Doctors suspect that Mila, who already suffered from low immunity, changed into inflamed after the refugee centre admitted households from the devastated port town of Mariupol, which fell into Russian fingers after a protracted siege that pressured hundreds of folks to reside in unhygienic, disease-spreading prerequisites.

Mila is now improving, however the revel in has difficult her mom’s task hopes. Ustenko has had two task gives – one as a sanatorium cleaner, some other in a manufacturing facility – however the proposed hours are an issue. She vacated the house in their preliminary host, Liza Zinova, a Prague-based Ukrainian industry proprietor, to liberate house after Zinova’s sister and niece arrived as refugees from Kharkiv, by the use of Austria.

When a pal of Ustenko’s from Kharkiv moved into the Litvinov facility together with her son, Ustenko determined that she and Mila must sign up for them, with the concept that the 2 moms may just staff up, one operating whilst the opposite taken care of the youngsters. That remains to be the plan however the pair at the moment are looking forward to a different kindergarten childcare carrier to open that might permit them to take jobs with extra versatile hours.

One factor Ustenko regulations out is returning quickly to Kharkiv. “I will stay here, at a minimum until Kharkiv is rebuilt,” she says. “It is badly destroyed and the problem now is a lot of hidden mines, which are dangerous for children.”

Despite the setbacks she and Mila have continued, she describes lifestyles within the Czech Republic as “wonderful, normal and calm”.


Katerina Shukh now has her task again, and that takes up maximum of her waking hours. She is hired as a therapist via Human Doc, the similar organisation that helped her break out Mariupol and to find lodging in Poland. She runs artwork treatment categories with kid refugees from Ukraine and staff periods with their moms.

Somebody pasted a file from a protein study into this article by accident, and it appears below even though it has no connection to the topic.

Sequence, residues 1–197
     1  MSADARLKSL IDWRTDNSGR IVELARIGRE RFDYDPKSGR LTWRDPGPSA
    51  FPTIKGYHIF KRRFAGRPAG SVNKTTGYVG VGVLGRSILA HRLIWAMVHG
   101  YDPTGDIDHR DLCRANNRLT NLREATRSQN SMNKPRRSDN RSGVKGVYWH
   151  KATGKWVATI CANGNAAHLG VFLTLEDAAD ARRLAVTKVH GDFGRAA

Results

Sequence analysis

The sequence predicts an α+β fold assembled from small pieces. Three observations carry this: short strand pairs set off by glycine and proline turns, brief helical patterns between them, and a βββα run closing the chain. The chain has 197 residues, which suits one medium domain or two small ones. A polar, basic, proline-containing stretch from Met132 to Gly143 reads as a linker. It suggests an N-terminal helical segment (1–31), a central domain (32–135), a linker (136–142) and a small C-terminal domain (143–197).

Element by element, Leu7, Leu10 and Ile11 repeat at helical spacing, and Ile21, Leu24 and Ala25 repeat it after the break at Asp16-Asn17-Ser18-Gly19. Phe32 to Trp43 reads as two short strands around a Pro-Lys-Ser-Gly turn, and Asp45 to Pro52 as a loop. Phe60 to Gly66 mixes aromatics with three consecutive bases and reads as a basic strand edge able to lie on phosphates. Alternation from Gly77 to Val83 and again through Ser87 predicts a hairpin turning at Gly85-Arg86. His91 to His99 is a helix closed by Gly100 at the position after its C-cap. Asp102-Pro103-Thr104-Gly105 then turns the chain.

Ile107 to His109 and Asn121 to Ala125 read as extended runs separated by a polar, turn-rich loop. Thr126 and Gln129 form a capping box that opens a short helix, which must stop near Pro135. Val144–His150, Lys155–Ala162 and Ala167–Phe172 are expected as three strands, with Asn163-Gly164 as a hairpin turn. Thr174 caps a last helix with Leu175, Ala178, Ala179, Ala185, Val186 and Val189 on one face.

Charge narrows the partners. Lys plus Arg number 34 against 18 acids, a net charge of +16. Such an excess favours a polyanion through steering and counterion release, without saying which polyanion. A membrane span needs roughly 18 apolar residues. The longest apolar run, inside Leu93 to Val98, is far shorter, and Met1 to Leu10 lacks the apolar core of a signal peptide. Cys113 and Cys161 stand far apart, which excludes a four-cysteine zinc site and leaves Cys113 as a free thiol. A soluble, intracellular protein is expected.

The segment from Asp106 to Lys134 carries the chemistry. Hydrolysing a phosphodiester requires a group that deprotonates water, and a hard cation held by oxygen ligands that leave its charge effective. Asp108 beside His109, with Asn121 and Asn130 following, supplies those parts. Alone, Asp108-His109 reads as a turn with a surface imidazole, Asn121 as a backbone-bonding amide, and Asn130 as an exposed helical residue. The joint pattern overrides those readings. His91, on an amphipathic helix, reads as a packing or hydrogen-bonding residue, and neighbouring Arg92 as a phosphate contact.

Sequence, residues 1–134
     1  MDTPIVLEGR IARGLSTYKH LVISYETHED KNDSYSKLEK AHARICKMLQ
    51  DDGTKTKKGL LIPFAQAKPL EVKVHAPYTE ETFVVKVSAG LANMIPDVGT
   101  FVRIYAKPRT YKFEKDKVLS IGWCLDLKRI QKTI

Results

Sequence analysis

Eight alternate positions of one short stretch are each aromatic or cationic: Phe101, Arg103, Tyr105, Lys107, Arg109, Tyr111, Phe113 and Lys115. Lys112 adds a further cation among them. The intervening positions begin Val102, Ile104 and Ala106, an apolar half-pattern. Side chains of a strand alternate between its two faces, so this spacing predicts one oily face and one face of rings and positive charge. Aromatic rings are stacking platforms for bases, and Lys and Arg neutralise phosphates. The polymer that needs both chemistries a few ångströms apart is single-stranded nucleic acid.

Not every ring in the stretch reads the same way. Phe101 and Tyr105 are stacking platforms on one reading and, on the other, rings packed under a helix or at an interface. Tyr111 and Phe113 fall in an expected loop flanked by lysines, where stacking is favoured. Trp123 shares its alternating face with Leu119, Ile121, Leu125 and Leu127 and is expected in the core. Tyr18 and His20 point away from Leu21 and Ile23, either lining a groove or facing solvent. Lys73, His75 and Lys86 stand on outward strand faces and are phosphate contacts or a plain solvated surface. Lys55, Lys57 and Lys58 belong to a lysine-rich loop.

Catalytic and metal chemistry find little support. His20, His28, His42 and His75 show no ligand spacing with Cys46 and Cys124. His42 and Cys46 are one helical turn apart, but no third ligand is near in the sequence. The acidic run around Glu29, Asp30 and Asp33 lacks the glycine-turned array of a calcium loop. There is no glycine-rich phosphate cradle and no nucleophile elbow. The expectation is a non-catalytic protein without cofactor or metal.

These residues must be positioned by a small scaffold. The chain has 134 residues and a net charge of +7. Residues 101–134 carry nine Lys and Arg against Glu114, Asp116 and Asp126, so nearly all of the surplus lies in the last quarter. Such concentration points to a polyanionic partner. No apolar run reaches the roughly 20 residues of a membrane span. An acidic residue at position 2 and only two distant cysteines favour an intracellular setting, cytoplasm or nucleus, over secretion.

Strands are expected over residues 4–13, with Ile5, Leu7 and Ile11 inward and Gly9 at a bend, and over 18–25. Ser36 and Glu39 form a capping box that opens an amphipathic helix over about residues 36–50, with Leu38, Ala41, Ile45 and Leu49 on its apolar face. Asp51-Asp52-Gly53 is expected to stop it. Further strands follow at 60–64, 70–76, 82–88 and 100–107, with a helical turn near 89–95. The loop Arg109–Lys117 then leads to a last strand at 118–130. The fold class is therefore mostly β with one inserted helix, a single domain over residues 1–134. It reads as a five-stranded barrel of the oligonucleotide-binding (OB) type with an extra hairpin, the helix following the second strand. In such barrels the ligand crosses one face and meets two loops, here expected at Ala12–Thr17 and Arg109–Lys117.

Psychologist Katerina Shukh with her grandparents, Kateryna Nemenushyaya and Viktor Nemeenushiy, who recently joined her in Borzęcin Duży, Poland.
Psychologist Katerina Shukh together with her grandparents, Kateryna Nemenushyaya and Viktor Nemeenushiy. Photograph: Anna Liminowicz/The Guardian

“The sessions are to help children adapt to these difficult circumstances. We make art and talk while we play and draw,” Shukh says.

“It gives the children a space to process their emotions. Sometimes their parents are not able to discuss all this pain,” she says whilst appearing the drawings tots have made, some appearing tanks and flying rockets.

This isn’t a brand new task for Shukh. Back in Mariupol, the psychologist ran identical periods for internally displaced refugees from the japanese areas occupied via Russian forces since 2014.

When she isn’t handing over periods, she organises shipping for brand new refugees from japanese Ukraine. She welcomes them on the border and is helping them relax in Poland. “I try to do all I can for my country, for people from my country, and often I forget about myself and my situation,” Shukh says.

While her grandparents leave out their house village immensely, she is happy she will spend time with them, in addition to her mom who travels between Ukraine and Poland with refugee transports. “When we’re together, we still speak about our situation and the news, but we try to find a space for recovery.”

Some of the refugees she labored with have returned to Ukraine, particularly the ones from western areas and Kyiv. “Refugee life is not easy. They want to be back in their own flat, in a familiar place,” Shukh says. “But I don’t have the opportunity to go back. My city is destroyed.”


Back in March, Liudmyla Abdo was once contemporary out of a conflict zone. Fatigued, dazed and affected by acute rigidity, she sat in Paris’s Buttes-Chaumont park and recounted her revel in of fleeing Kyiv at nighttime.

Liudmyla Abdo plays piano at the Paris apartment she now shares with her son, Marsel.
Liudmyla Abdo performs piano on the Paris rental she now stocks together with her son, Marsel. Photograph: Sara Farid/The Guardian